10. Hunger Relief International – Hunger Relief International focuses on developing long-term plans to address the developmental needs of impoverished communities in Haiti and Guatemala, such as nutrition, water and sanitation and child protection. In 2016, the organization regularly supplied 27 Haitian orphanages with high-quality food baskets. In the aftermath of Hurricane Matthew, Hunger Relief International worked to ensure the safety of 1,500 children. The organization also distributed over 2,000 personal hygiene kits to children in need.

This list of the top 10 global poverty advocacy nonprofits provides only a glimpse into the numerous efforts being made to assist the world’s poor. The Borgen Project would like to extend its thanks to the countless other organizations working for this same cause and encourage the reader to join any these top 10 global poverty advocacy nonprofits and others in the campaign to end world hunger.

– Joanna Dooley

Photo: Flickr

sports changing the world
Sports provide unique opportunities in a child’s life; sometimes, they are the only opportunity some children have to escape poverty. The following is a list of four sports organizations that are changing the world by using sports and sport-driven programs to help youth and communities across the globe enact social change and improve their impoverished situations.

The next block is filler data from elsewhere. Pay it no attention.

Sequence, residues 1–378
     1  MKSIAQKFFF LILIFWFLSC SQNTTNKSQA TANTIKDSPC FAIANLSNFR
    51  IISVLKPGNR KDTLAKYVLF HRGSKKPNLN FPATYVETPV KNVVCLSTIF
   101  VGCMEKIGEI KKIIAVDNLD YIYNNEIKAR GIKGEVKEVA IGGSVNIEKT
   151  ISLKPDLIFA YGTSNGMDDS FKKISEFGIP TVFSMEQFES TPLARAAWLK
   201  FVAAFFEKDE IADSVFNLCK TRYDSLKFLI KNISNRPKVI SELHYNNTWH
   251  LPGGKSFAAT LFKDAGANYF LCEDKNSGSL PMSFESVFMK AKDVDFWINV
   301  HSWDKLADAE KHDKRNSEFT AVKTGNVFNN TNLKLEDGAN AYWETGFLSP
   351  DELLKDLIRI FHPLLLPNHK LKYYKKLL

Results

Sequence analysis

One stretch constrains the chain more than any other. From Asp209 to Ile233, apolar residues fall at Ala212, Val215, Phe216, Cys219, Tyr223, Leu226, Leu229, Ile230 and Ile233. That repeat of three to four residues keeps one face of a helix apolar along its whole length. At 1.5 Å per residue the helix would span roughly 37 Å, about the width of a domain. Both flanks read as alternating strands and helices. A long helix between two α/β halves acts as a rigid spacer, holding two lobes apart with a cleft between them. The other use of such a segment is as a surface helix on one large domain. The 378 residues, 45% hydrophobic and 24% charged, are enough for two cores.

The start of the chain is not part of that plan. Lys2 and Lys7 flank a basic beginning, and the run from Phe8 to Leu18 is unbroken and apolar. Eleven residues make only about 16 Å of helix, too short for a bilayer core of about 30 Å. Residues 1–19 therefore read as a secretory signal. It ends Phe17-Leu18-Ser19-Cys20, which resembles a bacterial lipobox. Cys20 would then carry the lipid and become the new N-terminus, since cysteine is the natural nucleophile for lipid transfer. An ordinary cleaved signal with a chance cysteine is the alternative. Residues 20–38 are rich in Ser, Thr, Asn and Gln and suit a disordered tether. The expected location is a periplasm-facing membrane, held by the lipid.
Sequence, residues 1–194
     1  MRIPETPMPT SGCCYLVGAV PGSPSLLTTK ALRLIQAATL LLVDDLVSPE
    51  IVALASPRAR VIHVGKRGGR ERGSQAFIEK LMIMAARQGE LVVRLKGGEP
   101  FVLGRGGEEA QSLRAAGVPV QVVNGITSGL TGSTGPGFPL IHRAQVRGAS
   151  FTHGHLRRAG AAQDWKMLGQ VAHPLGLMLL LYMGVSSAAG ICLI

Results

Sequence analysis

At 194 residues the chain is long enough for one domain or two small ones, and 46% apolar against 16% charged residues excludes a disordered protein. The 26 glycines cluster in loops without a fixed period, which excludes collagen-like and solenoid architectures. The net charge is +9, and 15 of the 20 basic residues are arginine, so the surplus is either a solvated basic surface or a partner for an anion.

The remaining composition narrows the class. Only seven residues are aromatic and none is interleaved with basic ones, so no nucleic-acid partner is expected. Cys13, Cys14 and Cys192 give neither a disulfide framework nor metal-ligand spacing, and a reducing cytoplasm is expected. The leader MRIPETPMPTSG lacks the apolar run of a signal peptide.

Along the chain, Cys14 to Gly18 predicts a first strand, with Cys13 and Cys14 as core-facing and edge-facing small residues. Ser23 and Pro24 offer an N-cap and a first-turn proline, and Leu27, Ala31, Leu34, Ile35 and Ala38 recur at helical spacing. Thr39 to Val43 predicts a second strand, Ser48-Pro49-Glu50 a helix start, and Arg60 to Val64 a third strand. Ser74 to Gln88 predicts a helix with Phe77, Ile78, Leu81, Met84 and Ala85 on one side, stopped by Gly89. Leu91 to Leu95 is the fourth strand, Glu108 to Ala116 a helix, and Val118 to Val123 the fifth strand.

Lengo Football Academy

Lengo Football Academy offers impoverished children and orphans in Tanzania opportunities through football. Emanuel Saakai started the first Lengo (Swahili for ‘goal’) Academy in the northern town of Arusha to give new opportunities to disadvantaged and street kids (both boys and girls). Saakai believes that the hard work necessary to excel in sports helps youths instill a sense of teamwork, respect and passion that will then translate to successes in other avenues of their lives. He has since created an eight-week program in Australia — where he acts as a qualified Football Federation Australia coach — whose proceeds go toward the program in Tanzania.

Lengo Football Academy helps its youth off the field as well. All of its participants are financially aided through primary and secondary education by Lengo. More importantly, enrollment in school is a requirement to participate in Lengo, ensuring its young footballers will go to class.

Lengo is also developing a 12-month employment program for graduating students to combat the rampant unemployment in Tanzania. The graduating students will be able to take jobs as coaches, referees, drivers, administrators and operators. They are also provided money management skills to ensure they are on their way to developing stable, successful lifestyles after the program ends.

Love.fútbol

The task of love.fútbol is to create durable, low-maintenance fútbol pitches in impoverished communities around the world. It is a community-driven endeavor. It provides the raw materials and support, but it insists that the local community helps with the building projects. For its inaugural build in Guatemala, love.fútbol saw a 90 percent participation rate in the rural village of Villa Nueva.